With his new and unexpected stardom, Tambi says his Facebook inbox is full of messages from strangers -- mostly Syrians, Turks and Circassians -- saying how proud they are and congratulating him.

Tambi says that despite the overwhelming support, he fears some people might not approve of his citizenship because he’s Syrian. After all, he explains, there are plenty of talented people out there.

“I’m a very lucky boy,” he says, shaking his head in disbelief. “There are so many people who want to be in my place right now.”

But Tambi also feels real pressure -- it’s not every day the president tells you, “You have to work harder now,” as Erdogan told him during the phone call.

“I must make Turkey proud,” Tambi says. “I must practice more and more. It’s a big responsibility.”

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Tambi Asaad Cimuk excitedly pulls up a photo on his phone on Dec. 16 of Carnegie Hall, where he will be playing piano in January as part of a youth music competition.

Before Syria’s war, the Cimuk family frequently traveled to Turkey, where Tambi often played the accordion at festivals celebrating Circassians, the minority group to which his family belongs.

Kicked out of the North Caucasus in the 1800s when the Russians violently took over and allegedly massacred scores of the ethnic group (which Russia denies), the Circassians fled en masse. Predominantly Sunni Muslim, many are scattered across what is now Turkey, Israel, Syria and Jordan.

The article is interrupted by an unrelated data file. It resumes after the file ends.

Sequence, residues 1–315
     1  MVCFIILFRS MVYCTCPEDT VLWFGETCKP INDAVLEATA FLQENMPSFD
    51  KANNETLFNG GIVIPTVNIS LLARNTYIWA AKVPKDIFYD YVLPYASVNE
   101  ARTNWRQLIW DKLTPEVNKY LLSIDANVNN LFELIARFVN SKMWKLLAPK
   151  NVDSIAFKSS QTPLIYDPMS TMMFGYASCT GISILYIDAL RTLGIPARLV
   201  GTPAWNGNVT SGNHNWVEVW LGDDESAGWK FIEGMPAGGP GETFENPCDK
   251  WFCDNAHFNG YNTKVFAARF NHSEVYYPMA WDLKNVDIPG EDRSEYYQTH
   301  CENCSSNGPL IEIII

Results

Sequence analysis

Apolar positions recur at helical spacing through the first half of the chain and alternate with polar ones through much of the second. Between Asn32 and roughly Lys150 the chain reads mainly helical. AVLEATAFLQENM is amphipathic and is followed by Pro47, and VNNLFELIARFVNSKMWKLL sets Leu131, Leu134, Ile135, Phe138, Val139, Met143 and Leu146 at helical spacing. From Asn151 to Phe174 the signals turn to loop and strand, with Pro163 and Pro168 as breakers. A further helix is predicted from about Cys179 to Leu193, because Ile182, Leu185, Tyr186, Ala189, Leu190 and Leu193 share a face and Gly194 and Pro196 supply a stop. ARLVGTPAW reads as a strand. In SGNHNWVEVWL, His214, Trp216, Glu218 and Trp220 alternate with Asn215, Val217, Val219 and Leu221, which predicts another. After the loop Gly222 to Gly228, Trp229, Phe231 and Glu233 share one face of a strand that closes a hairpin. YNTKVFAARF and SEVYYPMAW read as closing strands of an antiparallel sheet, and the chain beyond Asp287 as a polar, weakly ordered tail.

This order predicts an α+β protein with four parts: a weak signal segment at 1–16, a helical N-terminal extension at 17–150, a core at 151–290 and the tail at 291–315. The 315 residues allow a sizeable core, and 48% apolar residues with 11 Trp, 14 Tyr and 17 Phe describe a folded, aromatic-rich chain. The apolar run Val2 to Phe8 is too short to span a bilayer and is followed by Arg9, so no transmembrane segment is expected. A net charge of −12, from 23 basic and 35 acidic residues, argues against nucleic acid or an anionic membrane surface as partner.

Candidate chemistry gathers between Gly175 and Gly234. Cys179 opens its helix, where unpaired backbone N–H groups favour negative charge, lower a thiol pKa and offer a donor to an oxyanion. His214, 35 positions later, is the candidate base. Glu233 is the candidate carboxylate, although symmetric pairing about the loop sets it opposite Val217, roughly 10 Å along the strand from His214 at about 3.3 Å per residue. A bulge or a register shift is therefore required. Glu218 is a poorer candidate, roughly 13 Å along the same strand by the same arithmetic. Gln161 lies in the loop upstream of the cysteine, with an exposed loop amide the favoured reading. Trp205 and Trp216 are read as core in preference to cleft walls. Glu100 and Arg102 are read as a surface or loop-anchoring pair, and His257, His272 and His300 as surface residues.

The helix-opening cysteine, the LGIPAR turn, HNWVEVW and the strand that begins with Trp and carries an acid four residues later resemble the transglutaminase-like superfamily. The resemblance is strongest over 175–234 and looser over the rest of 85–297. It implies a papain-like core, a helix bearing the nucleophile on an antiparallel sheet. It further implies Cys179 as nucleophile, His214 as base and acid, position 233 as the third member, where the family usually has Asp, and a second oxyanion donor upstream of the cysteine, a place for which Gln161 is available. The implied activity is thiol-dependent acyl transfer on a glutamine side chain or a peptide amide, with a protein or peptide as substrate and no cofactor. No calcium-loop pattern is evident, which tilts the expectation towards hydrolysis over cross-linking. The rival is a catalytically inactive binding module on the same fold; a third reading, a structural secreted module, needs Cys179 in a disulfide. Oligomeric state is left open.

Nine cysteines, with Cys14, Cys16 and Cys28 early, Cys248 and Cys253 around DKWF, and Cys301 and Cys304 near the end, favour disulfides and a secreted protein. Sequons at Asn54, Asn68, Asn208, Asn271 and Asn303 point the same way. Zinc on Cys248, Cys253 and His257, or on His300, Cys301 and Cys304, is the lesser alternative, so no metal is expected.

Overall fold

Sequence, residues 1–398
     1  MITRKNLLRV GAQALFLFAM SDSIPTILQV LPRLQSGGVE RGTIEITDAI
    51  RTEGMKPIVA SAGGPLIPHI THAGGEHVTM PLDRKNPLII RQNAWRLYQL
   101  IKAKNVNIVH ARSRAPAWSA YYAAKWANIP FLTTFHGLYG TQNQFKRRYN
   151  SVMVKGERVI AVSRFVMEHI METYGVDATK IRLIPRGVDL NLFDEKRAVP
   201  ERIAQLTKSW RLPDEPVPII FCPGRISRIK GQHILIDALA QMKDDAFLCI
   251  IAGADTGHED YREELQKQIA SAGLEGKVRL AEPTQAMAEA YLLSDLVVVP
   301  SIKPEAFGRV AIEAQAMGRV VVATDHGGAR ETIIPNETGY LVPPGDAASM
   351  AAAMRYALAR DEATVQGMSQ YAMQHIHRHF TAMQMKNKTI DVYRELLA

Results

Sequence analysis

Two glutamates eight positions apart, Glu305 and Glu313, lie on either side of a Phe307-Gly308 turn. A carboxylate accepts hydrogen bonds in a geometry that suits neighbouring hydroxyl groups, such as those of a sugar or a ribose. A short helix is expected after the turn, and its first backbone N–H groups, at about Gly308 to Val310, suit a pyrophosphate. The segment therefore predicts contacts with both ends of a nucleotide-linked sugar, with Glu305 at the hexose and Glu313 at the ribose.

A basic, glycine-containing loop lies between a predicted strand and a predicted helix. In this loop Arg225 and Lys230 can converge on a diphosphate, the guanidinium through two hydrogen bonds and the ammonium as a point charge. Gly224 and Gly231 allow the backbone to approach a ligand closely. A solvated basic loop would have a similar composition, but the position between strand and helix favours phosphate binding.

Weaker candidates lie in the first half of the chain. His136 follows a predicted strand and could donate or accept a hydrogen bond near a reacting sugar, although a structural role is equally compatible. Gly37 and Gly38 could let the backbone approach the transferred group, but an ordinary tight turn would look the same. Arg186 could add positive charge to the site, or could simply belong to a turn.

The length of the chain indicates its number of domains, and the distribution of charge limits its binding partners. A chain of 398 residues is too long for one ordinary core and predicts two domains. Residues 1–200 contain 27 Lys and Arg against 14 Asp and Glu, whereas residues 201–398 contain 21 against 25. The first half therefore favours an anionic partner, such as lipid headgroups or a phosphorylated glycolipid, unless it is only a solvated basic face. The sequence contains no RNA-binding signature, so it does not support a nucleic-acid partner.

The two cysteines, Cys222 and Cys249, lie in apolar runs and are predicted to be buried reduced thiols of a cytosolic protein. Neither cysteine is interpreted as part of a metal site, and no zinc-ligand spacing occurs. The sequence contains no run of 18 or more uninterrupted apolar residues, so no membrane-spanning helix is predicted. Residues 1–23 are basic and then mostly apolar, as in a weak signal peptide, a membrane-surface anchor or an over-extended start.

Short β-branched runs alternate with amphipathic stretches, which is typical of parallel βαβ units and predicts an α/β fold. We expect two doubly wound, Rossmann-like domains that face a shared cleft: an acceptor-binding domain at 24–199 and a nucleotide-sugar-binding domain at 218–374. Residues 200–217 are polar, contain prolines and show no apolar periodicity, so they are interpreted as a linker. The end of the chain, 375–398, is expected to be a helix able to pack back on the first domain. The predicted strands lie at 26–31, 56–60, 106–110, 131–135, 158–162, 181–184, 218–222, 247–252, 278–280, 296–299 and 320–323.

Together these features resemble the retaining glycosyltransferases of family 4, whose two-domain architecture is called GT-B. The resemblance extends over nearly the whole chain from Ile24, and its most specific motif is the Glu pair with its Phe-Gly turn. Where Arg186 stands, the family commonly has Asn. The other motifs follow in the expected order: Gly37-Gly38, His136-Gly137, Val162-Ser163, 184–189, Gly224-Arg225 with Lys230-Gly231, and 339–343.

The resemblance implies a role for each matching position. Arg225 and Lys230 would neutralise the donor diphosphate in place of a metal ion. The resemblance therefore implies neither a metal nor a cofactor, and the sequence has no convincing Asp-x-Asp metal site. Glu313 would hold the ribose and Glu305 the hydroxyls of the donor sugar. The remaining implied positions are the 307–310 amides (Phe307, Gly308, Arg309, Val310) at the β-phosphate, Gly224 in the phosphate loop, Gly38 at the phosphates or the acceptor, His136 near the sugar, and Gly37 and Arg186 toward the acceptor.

When the Cimuk family formally received Turkish citizenship, they changed their surname from Asaad to Cimuk; it was their original Circassian last name, which they say they couldn't keep when their relatives fled to Syria generations ago.

Tambi says that he misses Syria -- it’s the only home he’s ever known -- but he always felt like a bit of an outsider there as a Circassian. He’s proud and humbled to officially belong to Turkey now, he says, but he’s not one for labels. When he plays music by Russian composers, he says, he feels like he belongs to them.

Tambi sits down at a keyboard in his living room, his slippered feet gently pressing on the foot pedals. For a few minutes, he’s not nervous. He’s fearless, and lost in the music.

Friday, Tambi will play piano in southeast Turkey at a government-sponsored symposium on peace in the Middle East. Former NATO Secretary-General Anders Fogh Rasmussen is set to be there, as well as Turkish and foreign academics and experts.

When he takes the stage, he hopes people will see him solely as a person playing a message of peace.

“I will likely play Chopin, because it’s romantic,” he explains with a smile. “Mozart, because it’s about happiness, and Rachmaninoff …” he pauses, searching for the right words, then laughs, adding, “for the sake of insanity!”

While the government has taken a special interest in Tambi, he says he still needs financial aid to further his musical education. He’s hoping to land a scholarship this summer when he attends Poddubnaya's workshop, and in a few years, when he attends university. He dreams of studying piano in the United States, where he will travel next month to play at Carnegie Hall as part of a youth music competition.

His family, while more comfortable than many Syrians here in Turkey living in refugee camps or on the streets, cannot support Tambi’s gift alone. Plane tickets and music schools are expensive.

“I couldn’t get my money out of the bank in Syria,” explains Tambi’s father, Nart Cimuk, a former electrician in Syria who now works at an elevator factory in Turkey with his wife, a former high school teacher. But despite the war ravaging what was once home, Nart beams with pride -- and hope -- at his son.

“Tambi didn’t find his chance in Syria,” Nart says. “He found it here.”

Burak Sayin contributed reporting from Bursa.